This Isn't Happening: Radiohead's Kid A and the Beginning of the 21st Century

This Isn't Happening: Radiohead's Kid A and the Beginning of the 21st Century



The Pequod Review:

Steven Hyden's short book This Isn't Happening argues that Radiohead's classic 2000 album Kid A embodied a fundamental shift in the post-2000 American cultural landscape. As Hyden puts it:

So much of what would come to define the early years of the twenty-first century — 9/11, the wars in Iraq and Afghanistan, the global economic meltdown, extreme political polarization, the proliferation of social media — hadn't happened yet when Kid A was released...

Kid A embodied how things would eventually come to feel, look, and sound. The mood of ubiquitous dread and digital remove that the music evokes; the non-sequitur lyrics that double as status updates ("yesterday I work up sucking a lemon"; "I'm not here, this isn't happening"; "the best you can is good enough"); and the overwhelming feeling that technology has interconnected all of our lives while cutting us off from our own humanity.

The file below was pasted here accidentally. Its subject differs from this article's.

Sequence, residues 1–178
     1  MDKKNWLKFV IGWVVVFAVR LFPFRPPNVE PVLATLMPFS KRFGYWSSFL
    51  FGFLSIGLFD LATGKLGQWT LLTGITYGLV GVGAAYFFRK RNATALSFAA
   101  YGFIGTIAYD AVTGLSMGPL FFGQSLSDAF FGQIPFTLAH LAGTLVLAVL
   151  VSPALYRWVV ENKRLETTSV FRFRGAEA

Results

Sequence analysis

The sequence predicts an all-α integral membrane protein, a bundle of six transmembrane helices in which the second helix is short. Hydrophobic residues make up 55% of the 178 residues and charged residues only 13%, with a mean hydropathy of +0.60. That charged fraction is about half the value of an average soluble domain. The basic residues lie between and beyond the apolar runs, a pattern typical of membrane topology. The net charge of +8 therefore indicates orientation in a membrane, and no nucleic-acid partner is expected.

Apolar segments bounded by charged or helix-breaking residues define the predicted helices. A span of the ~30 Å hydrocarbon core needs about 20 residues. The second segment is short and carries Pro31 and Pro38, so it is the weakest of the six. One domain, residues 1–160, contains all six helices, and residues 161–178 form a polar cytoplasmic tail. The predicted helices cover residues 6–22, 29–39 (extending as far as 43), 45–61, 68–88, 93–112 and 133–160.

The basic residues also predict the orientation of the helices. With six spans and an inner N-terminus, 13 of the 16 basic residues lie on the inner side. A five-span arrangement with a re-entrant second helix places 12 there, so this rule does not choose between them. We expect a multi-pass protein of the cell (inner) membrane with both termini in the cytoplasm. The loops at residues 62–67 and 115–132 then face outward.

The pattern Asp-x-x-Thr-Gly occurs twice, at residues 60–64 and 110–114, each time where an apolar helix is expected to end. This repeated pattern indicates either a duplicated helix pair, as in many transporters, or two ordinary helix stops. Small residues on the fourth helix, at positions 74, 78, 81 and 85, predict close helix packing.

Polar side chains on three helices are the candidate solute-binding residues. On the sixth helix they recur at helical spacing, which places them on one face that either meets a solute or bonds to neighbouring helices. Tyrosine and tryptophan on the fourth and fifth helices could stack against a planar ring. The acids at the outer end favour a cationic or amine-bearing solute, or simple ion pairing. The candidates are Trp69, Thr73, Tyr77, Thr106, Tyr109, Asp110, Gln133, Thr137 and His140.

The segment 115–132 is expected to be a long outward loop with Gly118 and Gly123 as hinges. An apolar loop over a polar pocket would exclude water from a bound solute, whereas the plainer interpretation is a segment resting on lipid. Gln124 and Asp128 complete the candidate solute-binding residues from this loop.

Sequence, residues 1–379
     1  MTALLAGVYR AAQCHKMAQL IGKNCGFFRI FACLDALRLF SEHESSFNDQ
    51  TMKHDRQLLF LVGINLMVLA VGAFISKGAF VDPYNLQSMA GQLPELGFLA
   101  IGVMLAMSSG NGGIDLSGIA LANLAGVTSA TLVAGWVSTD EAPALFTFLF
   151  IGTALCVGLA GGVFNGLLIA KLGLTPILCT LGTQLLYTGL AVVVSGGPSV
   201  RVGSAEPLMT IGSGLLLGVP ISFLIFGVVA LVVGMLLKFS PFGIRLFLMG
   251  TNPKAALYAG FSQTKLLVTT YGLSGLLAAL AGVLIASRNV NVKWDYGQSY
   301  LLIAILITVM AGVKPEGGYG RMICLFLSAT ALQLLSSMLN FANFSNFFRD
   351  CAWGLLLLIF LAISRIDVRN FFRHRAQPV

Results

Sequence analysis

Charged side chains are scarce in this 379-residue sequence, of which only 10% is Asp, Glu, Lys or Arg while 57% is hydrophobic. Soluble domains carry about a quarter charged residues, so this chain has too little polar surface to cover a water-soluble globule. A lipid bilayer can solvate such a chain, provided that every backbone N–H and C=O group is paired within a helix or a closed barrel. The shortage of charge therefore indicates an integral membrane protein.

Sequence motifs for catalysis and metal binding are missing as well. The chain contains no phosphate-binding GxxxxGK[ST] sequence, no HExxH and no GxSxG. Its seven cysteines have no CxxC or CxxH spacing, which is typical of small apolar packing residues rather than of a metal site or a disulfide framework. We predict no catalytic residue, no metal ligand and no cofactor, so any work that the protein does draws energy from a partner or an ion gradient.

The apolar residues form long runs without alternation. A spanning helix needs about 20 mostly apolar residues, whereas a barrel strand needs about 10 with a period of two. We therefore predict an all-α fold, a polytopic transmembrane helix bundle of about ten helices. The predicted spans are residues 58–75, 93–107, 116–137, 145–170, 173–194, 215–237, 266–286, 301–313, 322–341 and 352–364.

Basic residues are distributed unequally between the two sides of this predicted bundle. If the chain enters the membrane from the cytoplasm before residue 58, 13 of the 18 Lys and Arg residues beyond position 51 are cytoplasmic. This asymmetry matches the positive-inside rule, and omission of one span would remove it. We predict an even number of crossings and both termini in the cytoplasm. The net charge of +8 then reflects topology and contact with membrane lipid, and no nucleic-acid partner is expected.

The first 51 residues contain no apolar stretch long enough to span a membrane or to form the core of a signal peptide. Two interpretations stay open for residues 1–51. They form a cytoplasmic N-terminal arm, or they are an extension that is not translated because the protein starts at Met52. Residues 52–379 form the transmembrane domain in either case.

Hyden exaggerates his argument for sure — no one album is that important and many of these shifts were already occurring before Kid A, as was apparent from almost any 1990s Warp Records release. But he is a consistently insightful guide to the band and the overall independent/alternative music scene. And even his musical digressions (whether on Elvis Costello's Blood & Chocolate or U2's experimental album Zooropa, or even Linkin Park) are intelligent and enthusiastic. This is a very good cultural history from someone who lived through the era and knows it well.